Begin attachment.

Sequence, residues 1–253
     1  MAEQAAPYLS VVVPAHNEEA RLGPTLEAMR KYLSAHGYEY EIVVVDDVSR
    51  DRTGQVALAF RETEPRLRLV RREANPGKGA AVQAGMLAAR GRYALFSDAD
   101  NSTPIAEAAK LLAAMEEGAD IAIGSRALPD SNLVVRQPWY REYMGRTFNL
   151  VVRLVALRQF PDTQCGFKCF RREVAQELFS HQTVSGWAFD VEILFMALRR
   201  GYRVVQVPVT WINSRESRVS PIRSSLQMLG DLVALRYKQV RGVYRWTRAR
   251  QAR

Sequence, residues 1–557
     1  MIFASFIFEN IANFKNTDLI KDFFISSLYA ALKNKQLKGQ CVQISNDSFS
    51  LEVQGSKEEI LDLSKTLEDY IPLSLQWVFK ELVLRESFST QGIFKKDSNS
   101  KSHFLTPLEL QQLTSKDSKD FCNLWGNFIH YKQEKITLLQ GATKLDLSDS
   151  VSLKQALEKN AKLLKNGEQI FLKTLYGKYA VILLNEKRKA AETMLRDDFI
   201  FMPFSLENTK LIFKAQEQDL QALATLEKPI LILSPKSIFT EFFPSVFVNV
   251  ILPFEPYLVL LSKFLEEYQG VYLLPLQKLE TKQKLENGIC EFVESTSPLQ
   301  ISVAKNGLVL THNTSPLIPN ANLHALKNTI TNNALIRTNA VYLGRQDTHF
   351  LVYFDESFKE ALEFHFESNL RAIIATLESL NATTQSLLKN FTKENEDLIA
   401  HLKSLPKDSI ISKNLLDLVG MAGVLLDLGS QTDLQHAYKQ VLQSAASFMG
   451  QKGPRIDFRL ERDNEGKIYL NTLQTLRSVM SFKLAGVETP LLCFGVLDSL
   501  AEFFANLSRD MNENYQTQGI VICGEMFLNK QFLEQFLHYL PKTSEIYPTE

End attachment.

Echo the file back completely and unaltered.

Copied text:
Sequence, residues 1–253
     1  MAEQAAPYLS VVVPAHNEEA RLGPTLEAMR KYLSAHGYEY EIVVVDDVSR
    51  DRTGQVALAF RETEPRLRLV RREANPGKGA AVQAGMLAAR GRYALFSDAD
   101  NSTPIAEAAK LLAAMEEGAD IAIGSRALPD SNLVVRQPWY REYMGRTFNL
   151  VVRLVALRQF PDTQCGFKCF RREVAQELFS HQTVSGWAFD VEILFMALRR
   201  GYRVVQVPVT WINSRESRVS PIRSSLQMLG DLVALRYKQV RGVYRWTRAR
   251  QAR

Sequence, residues 1–557
     1  MIFASFIFEN IANFKNTDLI KDFFISSLYA ALKNKQLKGQ CVQISNDSFS
    51  LEVQGSKEEI LDLSKTLEDY IPLSLQWVFK ELVLRESFST QGIFKKDSNS
   101  KSHFLTPLEL QQLTSKDSKD FCNLWGNFIH YKQEKITLLQ GATKLDLSDS
   151  VSLKQALEKN AKLLKNGEQI FLKTLYGKYA VILLNEKRKA AETMLRDDFI
   201  FMPFSLENTK LIFKAQEQDL QALATLEKPI LILSPKSIFT EFFPSVFVNV
   251  ILPFEPYLVL LSKFLEEYQG VYLLPLQKLE TKQKLENGIC EFVESTSPLQ
   301  ISVAKNGLVL THNTSPLIPN ANLHALKNTI TNNALIRTNA VYLGRQDTHF
   351  LVYFDESFKE ALEFHFESNL RAIIATLESL NATTQSLLKN FTKENEDLIA
   401  HLKSLPKDSI ISKNLLDLVG MAGVLLDLGS QTDLQHAYKQ VLQSAASFMG
   451  QKGPRIDFRL ERDNEGKIYL NTLQTLRSVM SFKLAGVETP LLCFGVLDSL
   501  AEFFANLSRD MNENYQTQGI VICGEMFLNK QFLEQFLHYL PKTSEIYPTE